Secretary of State Hillary Clinton has just concluded her first visit to India, where she highlighted areas of agreements on defense and nuclear energy. There were differences on the U.S. push to lift trade restrictions and to control greenhouse gases. Some U.S. experts on South Asia say her main focus was to encourage India to partner with the U.S. and play a more assertive role on the world stage in counter-terrorism and nuclear non-proliferation.
Secretary Clinton set the tone of her visit at the very outset. "President Obama and I believe that we are entering a new and even more promising era of relations with India," Clinton said. "And we are looking forward to working to broaden and deepen our partnership"
Before she left, the two sides had reached agreements that would allow India to buy fighter jets and space technology from the U.S. American companies will be setting up two nuclear power plants in India under the 2008 civilian nuclear deal.
Some U.S. experts on South Asia say her main focus was to underscore that India is a major player on the world stage and the U.S. will encourage India to play a more assertive role.
Walter Andersen at the Johns Hopkins University says Secretary Clinton achieved that.
"The bottom line was, it is to the U.S. strategic advantage to have strong India, whether or not there was a military relationship, strong India suits our purposes. On that foundation she developed it further," he said.
Anderson says the two sides differ on significant issues, such as India's refusal to accept strict controls on greenhouse gas emissions and on what he says in some cases are India's protectionist trade policies.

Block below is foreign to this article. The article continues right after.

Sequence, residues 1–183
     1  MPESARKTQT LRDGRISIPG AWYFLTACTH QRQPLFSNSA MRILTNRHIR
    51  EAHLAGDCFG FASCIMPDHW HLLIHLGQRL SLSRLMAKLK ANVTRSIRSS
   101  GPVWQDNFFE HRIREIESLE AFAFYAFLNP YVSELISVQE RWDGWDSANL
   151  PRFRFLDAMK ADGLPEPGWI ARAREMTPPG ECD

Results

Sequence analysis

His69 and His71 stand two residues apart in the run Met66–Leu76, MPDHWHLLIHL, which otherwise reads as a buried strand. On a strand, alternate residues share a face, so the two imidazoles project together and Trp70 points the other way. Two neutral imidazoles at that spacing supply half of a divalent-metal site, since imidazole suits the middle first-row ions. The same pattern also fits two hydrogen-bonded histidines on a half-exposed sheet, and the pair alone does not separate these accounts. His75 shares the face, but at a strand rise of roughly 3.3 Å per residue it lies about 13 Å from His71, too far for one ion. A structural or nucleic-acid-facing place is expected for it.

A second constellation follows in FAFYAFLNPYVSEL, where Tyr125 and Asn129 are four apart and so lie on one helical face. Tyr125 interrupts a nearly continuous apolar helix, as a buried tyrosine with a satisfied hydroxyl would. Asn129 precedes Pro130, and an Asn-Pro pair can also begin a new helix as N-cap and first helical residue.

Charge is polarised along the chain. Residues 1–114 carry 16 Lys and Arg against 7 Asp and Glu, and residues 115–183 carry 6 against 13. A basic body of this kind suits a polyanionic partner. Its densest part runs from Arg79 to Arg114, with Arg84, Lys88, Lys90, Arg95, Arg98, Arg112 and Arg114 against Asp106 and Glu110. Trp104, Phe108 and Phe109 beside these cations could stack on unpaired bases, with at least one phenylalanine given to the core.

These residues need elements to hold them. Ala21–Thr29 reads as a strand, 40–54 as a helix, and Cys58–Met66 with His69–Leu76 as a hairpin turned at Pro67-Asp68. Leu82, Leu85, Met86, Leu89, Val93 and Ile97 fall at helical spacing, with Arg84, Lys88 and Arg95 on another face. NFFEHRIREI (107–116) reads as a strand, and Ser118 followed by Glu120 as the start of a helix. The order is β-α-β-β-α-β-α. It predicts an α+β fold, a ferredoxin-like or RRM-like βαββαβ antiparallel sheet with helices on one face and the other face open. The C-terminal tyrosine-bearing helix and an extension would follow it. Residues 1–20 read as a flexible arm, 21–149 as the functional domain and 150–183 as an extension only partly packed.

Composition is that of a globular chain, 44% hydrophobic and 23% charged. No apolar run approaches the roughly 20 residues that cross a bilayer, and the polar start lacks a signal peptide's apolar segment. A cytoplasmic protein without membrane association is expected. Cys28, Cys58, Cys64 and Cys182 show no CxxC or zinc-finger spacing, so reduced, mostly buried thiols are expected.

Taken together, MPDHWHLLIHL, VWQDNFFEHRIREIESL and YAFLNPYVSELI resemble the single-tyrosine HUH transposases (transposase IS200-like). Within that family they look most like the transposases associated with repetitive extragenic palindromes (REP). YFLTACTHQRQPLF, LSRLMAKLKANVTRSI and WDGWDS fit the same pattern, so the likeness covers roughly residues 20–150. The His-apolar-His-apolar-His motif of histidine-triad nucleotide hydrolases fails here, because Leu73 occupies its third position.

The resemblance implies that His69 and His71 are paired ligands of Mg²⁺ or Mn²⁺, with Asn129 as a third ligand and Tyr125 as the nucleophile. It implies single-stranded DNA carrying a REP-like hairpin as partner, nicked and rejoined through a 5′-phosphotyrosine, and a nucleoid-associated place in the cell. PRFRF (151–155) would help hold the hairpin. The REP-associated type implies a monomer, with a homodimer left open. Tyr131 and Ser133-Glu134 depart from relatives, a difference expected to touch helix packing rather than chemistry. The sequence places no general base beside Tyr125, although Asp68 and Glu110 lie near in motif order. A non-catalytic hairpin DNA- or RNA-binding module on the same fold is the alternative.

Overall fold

And so he says the two nations can work on differences within the strategic forums they set up this week.
"That is valuable because before those issues become problems we will have discussed with each other and no one will be taken by surprise because we will bring up the key differences that we have," Anderson adds.
During her visit, Secretary Clinton also announced that Indian Prime Minister Manmohan Singh will be the first world leader to become President Obama's state guest later this year.
Lisa Curtis at the Heritage Foundation says President Obama wants India as a global partner in preventing nuclear proliferation and fighting terrorism.
November's attack in Mumbai are seen India as the equivalent of the 2001 attacks on the U.S. And so Curtis says it was significant that Clinton stopped in Mumbai to privately attend a memorial for the victims.
"I think this sent a very clear signal that she understands the impact on the Indian psyche of these attacks and that she also is sympathetic to Indian terrorism concerns," Curtis states.
She praises Clinton for not broaching publicly India's refusal to resume the peace process with Pakistan, a position India has taken after the Mumbai attacks were traced to a Pakistan-based militant group.
Curtis says the Obama administration can play a crucial role in bringing India and Pakistan together. "If it works privately and encourages both sides to develop a new security paradigm of the region, in which they focus on confronting non-state actors in combating terrorism rather than high profile mediation attempt - I think that would just backfire on the U.S.," she said.
Experts say the trip was just the first step in the new administration's push to build a deeper relationship with India, on a foundation they say was laid down by the two previous administrations.